This session was the last time our consultations took place inside the museum, as we prepare to temporarily close in June.
Our community consultations have been helping us shape the Sound and Vision project since last year. Their purpose is to provide local communities of Bradford an opportunity to contribute to decision-making around the new galleries. Find out more in our short video:
From steering our focus towards the themes of Representation, Accessibility, and Interactivity to providing new perspectives on gallery designs in conversations with the architects behind them, the invaluable insight from our community representatives has been directly influencing plans and discussions with the project team.
In this recent in-person consultation, we brought together participants from a variety of sectors and services—including educational, cultural, and creative—and invited them to share their ideas on the visual aspects of the new galleries. We were able to present them with some exciting materials provided by the interpretation team, such as the first designs of the text panels and object labels that visitors might see in the gallery. We created mock-up displays by placing them next to objects from our handling collections—like a camera very similar to the ‘Cameo’ camera used to take photos of the Cottingley Fairies, a famous local Bradford story that will be part of Sound and Vision.
After interacting with these prototypes, our community representatives shared their thoughts on the look, feel and accessibility of the graphics, raising some excellent points. For instance, they mentioned that while the colour combination draws attention, the brightness puts a strain on your eyes.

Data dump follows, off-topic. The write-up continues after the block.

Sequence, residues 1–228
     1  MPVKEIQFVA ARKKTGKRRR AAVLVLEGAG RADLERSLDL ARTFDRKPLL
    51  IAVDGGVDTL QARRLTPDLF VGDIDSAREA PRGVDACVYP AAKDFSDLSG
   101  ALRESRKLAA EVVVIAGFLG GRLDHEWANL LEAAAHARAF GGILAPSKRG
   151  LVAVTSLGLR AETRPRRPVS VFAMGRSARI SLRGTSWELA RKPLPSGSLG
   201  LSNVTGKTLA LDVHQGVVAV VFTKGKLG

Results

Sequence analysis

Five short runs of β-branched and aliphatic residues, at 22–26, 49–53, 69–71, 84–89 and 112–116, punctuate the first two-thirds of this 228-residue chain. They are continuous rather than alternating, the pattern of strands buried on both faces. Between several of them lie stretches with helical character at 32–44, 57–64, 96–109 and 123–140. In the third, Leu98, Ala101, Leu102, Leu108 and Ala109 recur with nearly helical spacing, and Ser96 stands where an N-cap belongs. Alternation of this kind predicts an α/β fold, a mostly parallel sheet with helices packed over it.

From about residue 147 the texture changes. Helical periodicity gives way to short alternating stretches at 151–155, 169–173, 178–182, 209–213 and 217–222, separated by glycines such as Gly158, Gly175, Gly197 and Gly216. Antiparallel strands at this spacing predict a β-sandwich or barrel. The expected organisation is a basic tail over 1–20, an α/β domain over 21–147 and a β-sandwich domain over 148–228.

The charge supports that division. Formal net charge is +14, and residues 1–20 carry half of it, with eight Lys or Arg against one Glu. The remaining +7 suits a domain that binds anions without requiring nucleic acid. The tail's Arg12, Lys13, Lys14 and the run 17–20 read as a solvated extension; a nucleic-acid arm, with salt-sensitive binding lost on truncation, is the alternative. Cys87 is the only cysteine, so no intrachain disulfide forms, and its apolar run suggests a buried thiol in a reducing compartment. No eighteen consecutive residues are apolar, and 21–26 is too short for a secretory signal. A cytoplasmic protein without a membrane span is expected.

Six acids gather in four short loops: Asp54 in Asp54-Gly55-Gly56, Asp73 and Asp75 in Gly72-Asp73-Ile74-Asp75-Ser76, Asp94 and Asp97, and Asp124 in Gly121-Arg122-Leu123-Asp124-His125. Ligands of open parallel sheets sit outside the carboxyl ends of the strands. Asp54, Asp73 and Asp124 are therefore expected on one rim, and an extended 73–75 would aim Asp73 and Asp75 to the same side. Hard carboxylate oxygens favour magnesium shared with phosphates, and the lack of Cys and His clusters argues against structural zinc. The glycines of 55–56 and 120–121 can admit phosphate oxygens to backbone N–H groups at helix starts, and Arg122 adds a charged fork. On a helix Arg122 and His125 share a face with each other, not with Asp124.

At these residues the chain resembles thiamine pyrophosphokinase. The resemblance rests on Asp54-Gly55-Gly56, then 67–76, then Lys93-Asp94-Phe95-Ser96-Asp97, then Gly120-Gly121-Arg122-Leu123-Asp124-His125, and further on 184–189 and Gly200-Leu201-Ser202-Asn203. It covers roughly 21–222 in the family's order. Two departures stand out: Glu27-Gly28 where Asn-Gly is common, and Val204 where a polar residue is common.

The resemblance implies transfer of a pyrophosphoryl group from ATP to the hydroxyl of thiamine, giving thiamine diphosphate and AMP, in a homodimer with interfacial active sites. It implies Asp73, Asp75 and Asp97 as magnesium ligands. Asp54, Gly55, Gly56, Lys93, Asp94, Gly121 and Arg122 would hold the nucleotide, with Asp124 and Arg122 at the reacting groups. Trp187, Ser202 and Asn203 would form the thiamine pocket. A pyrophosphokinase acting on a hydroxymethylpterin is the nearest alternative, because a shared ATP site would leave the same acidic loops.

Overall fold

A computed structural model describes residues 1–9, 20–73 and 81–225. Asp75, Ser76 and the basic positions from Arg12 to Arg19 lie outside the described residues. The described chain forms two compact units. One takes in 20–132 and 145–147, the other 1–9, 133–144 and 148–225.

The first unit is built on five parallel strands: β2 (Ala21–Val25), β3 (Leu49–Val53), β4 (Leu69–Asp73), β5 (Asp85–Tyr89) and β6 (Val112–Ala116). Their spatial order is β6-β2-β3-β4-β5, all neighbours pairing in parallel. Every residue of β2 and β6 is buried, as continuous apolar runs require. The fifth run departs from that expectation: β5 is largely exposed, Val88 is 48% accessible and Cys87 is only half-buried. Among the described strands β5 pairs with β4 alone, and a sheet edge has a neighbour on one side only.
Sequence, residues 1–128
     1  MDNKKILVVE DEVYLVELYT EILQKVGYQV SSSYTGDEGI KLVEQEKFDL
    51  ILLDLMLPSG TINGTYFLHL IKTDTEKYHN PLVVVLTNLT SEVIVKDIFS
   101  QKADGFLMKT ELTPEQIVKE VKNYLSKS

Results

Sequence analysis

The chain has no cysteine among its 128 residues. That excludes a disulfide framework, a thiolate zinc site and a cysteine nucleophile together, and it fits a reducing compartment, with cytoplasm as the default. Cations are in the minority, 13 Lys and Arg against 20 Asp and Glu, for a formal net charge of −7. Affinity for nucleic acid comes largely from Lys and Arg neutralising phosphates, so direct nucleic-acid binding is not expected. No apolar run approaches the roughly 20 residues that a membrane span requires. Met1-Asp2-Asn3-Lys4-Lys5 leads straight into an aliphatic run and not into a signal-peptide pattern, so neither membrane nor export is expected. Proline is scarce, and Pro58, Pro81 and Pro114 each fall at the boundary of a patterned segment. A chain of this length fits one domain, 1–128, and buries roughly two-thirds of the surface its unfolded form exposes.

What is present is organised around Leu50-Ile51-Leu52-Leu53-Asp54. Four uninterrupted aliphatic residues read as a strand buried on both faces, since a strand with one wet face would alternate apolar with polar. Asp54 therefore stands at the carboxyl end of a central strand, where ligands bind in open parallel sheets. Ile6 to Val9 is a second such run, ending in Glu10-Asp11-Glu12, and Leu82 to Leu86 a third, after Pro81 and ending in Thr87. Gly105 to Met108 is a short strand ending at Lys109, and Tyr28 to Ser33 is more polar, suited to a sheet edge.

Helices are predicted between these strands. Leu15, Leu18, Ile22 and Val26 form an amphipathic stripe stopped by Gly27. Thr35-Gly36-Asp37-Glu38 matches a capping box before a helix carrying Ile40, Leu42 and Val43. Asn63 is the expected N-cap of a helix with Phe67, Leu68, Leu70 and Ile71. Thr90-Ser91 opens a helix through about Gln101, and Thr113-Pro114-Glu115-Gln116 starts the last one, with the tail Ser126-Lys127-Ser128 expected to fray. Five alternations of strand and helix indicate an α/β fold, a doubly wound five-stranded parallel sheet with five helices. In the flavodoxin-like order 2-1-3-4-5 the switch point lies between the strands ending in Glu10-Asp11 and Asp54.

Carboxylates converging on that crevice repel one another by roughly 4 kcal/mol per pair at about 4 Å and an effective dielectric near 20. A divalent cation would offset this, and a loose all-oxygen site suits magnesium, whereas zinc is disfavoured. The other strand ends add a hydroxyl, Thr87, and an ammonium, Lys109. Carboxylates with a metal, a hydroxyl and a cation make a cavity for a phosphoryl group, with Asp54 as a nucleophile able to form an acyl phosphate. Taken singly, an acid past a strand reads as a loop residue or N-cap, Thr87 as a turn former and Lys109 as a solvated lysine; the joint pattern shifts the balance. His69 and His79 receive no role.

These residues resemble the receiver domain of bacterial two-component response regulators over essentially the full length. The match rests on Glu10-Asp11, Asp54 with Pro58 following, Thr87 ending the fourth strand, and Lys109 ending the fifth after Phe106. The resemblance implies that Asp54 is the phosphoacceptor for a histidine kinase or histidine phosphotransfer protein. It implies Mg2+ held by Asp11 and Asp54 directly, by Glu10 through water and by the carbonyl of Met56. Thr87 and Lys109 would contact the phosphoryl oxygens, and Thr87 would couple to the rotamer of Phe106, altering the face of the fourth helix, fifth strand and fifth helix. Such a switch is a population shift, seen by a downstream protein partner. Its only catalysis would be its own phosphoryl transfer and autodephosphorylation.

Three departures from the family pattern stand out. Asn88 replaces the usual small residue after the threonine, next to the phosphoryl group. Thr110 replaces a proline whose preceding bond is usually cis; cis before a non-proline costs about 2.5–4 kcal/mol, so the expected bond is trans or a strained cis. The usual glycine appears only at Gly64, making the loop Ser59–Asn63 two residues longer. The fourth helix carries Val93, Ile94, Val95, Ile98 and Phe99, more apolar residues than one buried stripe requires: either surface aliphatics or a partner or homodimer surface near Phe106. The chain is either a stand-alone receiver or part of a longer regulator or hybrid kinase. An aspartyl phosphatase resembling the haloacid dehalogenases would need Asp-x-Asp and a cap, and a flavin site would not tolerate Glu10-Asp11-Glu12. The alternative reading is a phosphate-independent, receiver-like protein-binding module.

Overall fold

Another item for discussion was the name for the new galleries, part of the market research conducted by our communications team. The participants discussed the pros and cons of four different titles – including Sound and Vision — and shared their first impressions and their take on the accessibility of each name. They considered whether the name sparked their interest, whether or not it reflected what they would find in the galleries and whether it presented any barriers, particularly for priority audiences with access needs. These initial reactions are vital in informing our communications strategy, as we develop the launch plan for the new galleries.
The session ended with an opportunity for the participants to take the floor and share some information about their organisation, the work they do and how the museum can support them in return. During this consultation, we were pleased to be joined by the African Caribbean Achievement Project (ACAP), the Rachna Hub and Bradford Museums and Galleries, to name a few. It is our ambition to make this project into a mutually beneficial partnership, and we are working to develop an offer for everyone who has shared this journey with us, to show our sincere appreciation for all the contributions from staff and volunteers across Bradford.
This was the last community consultation to take place at the museum. Our next round of consultations will be at the end of June hosted by a partner venue, as the museum will be temporarily closing after Bradford Science Festival to undergo major refurbishment.
If you have attended a consultation session with us in the last 12 months and have some ideas on how we can support you and other participants, please do not hesitate to get in touch with the team: